Lia Porto’s paintings make me think of magical, landscapes filled with flora — like tropical forests, lush gardens, and underwater worlds. Part of what makes her work so engaging for me is that the organic shapes and patterns still have an abstract quality allowing you to create your own interpretation and your own connection with each piece. And the large scale of many of her paintings make them even more captivating! In her interview Lia touches on how her childhood in the remote region of Patagonia has influenced the composition of her paintings, recounts an unexpected success she experienced early on in her career, and shares her interpretation of what inspiration is. Thank you Lia! -eden
Where are you based?
Buenos Aires, Argentina
What three words would you choose to best describe your artwork?
Has your childhood had a significant effect on your work? If so, paint us a picture of what your childhood was like in words? (If you have an image you would like to share, please do.)
I was born in Patagonia, where I lived during my childhood, so I spent my early years in a very special place, and in an almost never-ending winter. The experience of that silent and mysterious landscape is a background that appears in many of my works hidden behind the colorful layers.
Have you had a formal art education?
I have a law degree and post graduate degree at UBA (University of Buenos Aires). I studied painting and engraving with several masters, but not in a formal context.
Was there a specific moment when you knew you wanted to be an artist?
In my early years I fell in love with writing, especially with poetry, but I got to a point in my life where I just knew I was a painter.
What was the first piece of art that you sold? How did the sale come about?
I don’t remember this exactly, but an important early sale experience was at an art fair where I had my own stand and I practically sold out. It was a surprise for me.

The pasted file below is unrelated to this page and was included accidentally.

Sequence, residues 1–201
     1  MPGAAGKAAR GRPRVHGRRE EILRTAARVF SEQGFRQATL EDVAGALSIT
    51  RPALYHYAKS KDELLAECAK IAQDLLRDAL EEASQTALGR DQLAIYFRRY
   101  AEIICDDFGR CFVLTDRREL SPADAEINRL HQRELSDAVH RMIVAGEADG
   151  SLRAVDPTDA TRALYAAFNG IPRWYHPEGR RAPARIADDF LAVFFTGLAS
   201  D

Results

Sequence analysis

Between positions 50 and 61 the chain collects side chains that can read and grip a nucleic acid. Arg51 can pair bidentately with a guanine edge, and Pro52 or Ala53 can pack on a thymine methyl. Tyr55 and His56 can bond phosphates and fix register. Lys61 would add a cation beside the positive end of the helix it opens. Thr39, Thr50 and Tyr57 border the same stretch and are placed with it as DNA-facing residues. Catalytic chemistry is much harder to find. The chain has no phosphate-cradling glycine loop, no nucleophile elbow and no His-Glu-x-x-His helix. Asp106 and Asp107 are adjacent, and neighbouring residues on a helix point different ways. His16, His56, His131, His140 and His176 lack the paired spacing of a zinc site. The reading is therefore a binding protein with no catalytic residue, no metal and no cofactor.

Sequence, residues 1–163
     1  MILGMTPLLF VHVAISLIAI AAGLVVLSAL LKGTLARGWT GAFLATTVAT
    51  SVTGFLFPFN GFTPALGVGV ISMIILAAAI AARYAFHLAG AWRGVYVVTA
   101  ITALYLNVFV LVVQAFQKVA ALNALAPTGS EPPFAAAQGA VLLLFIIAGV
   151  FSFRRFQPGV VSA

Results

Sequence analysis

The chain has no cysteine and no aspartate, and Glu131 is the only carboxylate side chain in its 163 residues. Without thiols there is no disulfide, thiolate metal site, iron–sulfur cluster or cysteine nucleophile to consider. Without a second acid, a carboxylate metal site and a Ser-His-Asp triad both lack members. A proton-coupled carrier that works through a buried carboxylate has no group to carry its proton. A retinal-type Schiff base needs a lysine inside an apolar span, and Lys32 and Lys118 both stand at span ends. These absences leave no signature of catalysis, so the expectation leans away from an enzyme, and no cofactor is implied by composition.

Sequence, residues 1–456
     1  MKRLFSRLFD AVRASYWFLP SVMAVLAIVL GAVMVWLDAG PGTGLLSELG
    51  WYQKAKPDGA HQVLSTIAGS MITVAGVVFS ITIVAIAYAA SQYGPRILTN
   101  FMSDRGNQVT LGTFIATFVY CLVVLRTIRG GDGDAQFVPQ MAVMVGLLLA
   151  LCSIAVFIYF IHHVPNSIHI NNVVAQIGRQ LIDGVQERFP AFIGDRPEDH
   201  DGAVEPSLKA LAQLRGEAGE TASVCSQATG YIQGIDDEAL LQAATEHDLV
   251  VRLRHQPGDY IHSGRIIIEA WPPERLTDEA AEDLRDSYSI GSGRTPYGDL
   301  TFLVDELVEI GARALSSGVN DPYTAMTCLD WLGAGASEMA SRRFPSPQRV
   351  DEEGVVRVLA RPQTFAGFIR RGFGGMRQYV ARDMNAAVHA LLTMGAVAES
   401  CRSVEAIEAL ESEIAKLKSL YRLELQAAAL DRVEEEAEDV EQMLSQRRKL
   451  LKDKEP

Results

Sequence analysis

Tell us about what inspires your work.
I usually say that my main inspiration is nature. That is because being in contact with nature always gives me a fresh power to create… and because I use organic shapes….and because I draw on natures’ rhythm. I use this natural rhythm to create the natural harmony that each piece requires. Everything that has an impact on my senses — yoga postures, clothes, landscapes, food, music, feelings, etc. — somehow gets incorporated into my painting.
When you feel a lack of inspiration, how do you find it again?
I believe that painting is a practice. Painting on a daily basis allows you to experience different levels of energy, different levels of vibration. And painting is also a language that gives us the chance to materialize the energy we are in contact with. Because of this, I prefer to not talk about a “lack of inspiration” but just a different level of energy… so the answer for me is just to keep on working.
What materials and/or tools do you use to create your work? Do you have any favorite techniques or processes that you are willing to share?
I love materials! When I am at my studio I normally work with acrylic on canvas, but at home or when I travel, I always have papers and watercolors, pencils, ink, and gouache.
Approximately how many pieces of art do you typically create in a year?
I don’t really know. But I can say that I put a lot of energy into each piece, even the small ones.
How do you make money through your art? Please explain what works for you and why. (For example: selling originals or prints online or in galleries, doing commissions, working with major brands, etc.)
I sell originals and canvas prints.
Do you “make a living” as an artist? If not, how do you primarily support yourself?
Yes, I do!
What have you found to be the most successful way(s) to market your art? Do you have any tips to share?
I have no tips. I just move under the conviction that my goal is not only to paint but also to communicate. I don’t work just for me, I work for others.
How would you describe the “business” of being an artist?
Maybe the main point for me today is that we live in an open and interconnected world. An artist’s work can resonate with anyone — it doesn’t matter in what part of the world they are.
What is your favorite thing about being an artist?
I really have two favorite things about being an artist: the first one is to connect with freedom, and the second one is to connect with others.
Who have been your biggest supporters?
Martin, my husband.
Do you have any current obsessions, art or non-art related?
Yes!! Kapotasana (an impossible yoga pose that is in my series).
What piece of advice would you give other women who are pursuing careers in art?
I always find a kind of power in action — the action of painting and then the action of continuing to paint. The main point is to keep working, and for that you need determination. And you also need to trust in what you are doing.
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